Date of Award

December 2015

Degree Type


Degree Name

Master of Science


Biomedical Sciences

First Advisor

Wail M. Hassan

Committee Members

Jeri-Anne Lyons, John Ndon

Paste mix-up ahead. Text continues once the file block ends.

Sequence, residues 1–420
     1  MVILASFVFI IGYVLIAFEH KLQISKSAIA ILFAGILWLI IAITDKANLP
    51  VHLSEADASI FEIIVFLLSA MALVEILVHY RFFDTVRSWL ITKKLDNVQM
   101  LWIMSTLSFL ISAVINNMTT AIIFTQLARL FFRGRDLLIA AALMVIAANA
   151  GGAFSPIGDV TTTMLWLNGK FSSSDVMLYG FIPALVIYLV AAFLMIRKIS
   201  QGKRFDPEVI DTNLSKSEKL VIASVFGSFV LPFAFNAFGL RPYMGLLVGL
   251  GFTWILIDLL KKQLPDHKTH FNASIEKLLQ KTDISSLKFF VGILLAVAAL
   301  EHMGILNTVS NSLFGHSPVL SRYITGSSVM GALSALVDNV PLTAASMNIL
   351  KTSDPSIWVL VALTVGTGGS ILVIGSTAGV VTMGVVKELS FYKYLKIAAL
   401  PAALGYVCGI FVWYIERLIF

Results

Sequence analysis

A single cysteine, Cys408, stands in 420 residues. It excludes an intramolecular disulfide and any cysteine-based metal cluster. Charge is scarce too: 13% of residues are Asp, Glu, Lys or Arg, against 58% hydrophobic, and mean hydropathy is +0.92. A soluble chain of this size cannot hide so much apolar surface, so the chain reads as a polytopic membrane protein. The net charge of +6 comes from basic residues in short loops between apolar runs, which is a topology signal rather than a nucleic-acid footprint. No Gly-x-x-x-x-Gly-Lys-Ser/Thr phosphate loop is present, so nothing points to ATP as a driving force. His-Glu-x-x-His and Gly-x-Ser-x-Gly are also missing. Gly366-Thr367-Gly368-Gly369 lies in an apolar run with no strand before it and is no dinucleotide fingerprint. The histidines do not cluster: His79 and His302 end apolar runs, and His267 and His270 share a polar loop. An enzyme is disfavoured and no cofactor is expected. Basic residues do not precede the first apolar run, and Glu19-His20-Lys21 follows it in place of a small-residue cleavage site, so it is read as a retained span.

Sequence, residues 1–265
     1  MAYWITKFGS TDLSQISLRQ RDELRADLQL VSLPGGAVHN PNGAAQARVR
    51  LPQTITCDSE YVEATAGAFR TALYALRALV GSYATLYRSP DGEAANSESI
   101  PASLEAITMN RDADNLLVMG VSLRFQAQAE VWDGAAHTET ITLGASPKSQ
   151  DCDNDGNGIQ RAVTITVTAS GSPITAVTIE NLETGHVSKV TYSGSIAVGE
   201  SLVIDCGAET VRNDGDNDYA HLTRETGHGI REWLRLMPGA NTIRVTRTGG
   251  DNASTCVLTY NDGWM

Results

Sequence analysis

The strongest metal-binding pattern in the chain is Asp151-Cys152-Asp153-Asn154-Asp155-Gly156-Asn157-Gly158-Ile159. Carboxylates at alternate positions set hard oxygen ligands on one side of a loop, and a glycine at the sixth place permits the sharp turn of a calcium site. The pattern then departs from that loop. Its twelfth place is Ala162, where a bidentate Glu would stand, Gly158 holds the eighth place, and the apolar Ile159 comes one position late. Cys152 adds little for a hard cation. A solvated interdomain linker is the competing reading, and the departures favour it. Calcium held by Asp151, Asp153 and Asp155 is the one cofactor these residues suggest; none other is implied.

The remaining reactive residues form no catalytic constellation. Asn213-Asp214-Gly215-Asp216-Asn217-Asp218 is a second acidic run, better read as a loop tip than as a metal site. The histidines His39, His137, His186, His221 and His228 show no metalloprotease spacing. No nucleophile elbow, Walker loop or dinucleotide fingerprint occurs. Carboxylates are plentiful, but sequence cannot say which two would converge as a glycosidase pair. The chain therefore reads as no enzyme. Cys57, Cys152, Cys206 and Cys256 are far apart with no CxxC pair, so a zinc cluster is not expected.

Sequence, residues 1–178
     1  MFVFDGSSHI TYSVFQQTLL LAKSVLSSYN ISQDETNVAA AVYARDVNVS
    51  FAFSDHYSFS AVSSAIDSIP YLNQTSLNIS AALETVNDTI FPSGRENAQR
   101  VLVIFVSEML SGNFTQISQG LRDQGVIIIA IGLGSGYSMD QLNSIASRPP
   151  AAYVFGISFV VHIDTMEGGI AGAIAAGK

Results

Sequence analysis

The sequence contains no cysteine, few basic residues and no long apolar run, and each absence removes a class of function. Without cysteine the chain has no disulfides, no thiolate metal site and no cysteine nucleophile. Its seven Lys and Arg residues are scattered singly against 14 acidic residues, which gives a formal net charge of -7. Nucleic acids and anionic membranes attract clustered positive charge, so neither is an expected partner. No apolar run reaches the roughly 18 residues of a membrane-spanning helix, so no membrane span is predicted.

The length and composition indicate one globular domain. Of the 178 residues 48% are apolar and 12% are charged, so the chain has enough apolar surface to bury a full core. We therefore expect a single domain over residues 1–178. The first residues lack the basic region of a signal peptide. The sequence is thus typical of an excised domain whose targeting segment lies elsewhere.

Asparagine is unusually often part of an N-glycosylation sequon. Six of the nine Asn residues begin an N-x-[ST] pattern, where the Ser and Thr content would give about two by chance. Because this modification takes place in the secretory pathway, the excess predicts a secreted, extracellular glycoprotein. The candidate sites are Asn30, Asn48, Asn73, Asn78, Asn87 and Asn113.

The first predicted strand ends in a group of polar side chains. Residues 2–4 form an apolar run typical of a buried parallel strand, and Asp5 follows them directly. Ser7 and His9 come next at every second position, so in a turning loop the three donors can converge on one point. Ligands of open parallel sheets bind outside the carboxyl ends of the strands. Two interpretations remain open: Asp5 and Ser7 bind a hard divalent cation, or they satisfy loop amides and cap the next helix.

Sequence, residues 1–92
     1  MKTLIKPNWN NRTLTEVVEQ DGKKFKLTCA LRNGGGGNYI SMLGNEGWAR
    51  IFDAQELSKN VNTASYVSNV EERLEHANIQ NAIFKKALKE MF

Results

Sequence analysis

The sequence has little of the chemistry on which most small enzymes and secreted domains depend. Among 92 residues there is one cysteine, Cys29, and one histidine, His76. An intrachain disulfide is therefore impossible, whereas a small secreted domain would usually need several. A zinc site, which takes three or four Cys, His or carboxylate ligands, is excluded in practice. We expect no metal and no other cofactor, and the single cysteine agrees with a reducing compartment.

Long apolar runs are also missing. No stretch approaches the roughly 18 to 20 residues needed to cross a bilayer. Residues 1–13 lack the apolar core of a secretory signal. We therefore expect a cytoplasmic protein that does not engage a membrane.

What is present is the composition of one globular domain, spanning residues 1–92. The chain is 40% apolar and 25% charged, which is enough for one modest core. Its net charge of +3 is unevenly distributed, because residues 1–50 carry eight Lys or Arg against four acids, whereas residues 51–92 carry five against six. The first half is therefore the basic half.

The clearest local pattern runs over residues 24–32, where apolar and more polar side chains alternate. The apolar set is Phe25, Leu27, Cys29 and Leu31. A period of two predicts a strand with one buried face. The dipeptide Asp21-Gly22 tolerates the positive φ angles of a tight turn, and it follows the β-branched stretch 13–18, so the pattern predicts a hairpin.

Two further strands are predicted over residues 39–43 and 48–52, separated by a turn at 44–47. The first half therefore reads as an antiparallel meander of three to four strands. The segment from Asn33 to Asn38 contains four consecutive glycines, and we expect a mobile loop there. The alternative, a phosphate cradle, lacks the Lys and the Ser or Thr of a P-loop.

Human immunodeficiency virus (HIV) is one of the most challenging infectious agents at the current time. To date, many vaccine trials have been conducted. However, there has not been a fully successful trial. This is due, in part, to the gap in knowledge of the protective immune response against HIV. African green monkeys (AGMs) serve as an interesting model to study immune protection in primate immunodeficiency virus infections due to their resistance to AIDS. Experimental SIV infection in rhesus macaques (RMs) resembles HIV infection in humans with chronic immune activation and progression to AIDS well characterized in both. Understanding the immune systems of AGMs and RMs and how they differ is likely to advance our knowledge of immune protection and immunopathogenesis in SIV/HIV disease. B cells are responsible for the humoral arm of acquired immunity, which results in the production of specific antibodies. In lentiviral infections, neutralizing antibodies block viral entry and are, therefore, essential for protective immunity. Other antibody-mediated functions, such as antibody-dependent cellular cytotoxicity, have gained increased interest after the recent demonstration of enhanced antibody-dependent cell-mediated cytotoxicity (ADCC) in vaccinees in a vaccine trial commonly known as the Thai trial. T helper cells provide co-stimulatory signals that are essential for B cell activation and antibody production. Blocking CD40/CD40L interactions impairs antiviral humoral response, which emphasizes the importance of B and T helper interaction for protective humoral response. The current study aims to identify key B-cell and T-cell-related differences that separate African green monkeys and rhesus macaques in term of constitutive function (i.e. in the absence of infection) and in vitro, SIV-induced dysfunction. In this study, multiparametric flow cytometry approaches were used to identify any differences in the distribution of B and T cell subsets. B cells were stimulated with anti-IgM/G and T cells with phorbol myristate acetate and ionomycin (PMA/I) to assess the expression of their activation markers. These are unspecific stimuli that give an idea about the potential responses of the cells following specific stimulus. Also, B cells were evaluated for the expression and phosphorylation of intracellular signaling proteins. In addition, T cells were evaluated for the production of IFNɣ, TNFα, IL-2, expression of CD107a, and their ability to have more than one function. The results showed that AGMs have lower frequencies and absolute numbers of B and CD4+ T cells than RMs. Moreover, B cells of AGMs showed higher expression levels of CD40 than RMs, a molecule that plays an essential role in antibody production and Ig class switching. Furthermore, the analyses of B cell signaling proteins showed that AGMs express higher levels of these proteins and they get phosphorylated in higher levels than RMs. This may indicate a more robust signaling activity of AGMs’ B cells as compared to RMs, which may play a role in an early antibody response that controls the infection. T cells data analyses revealed that CD4 T cells of AGMs produce less IFNɣ, TNFα, and IL-2 than RM, which may indicate another immediate response, anti-inflammatory, rather than pro-inflammatory response. Also, this may explain the lack of chronic immune activation in AGM. DN T cells of AGM showed higher expression levels of CD107a than the DN T cells of RM. This may indicate the cytotoxic function of these cells in addition to their helper functions. DN T cells are resistant to SIV infection, and their multifunctionality give insights into new cellular therapeutic approaches.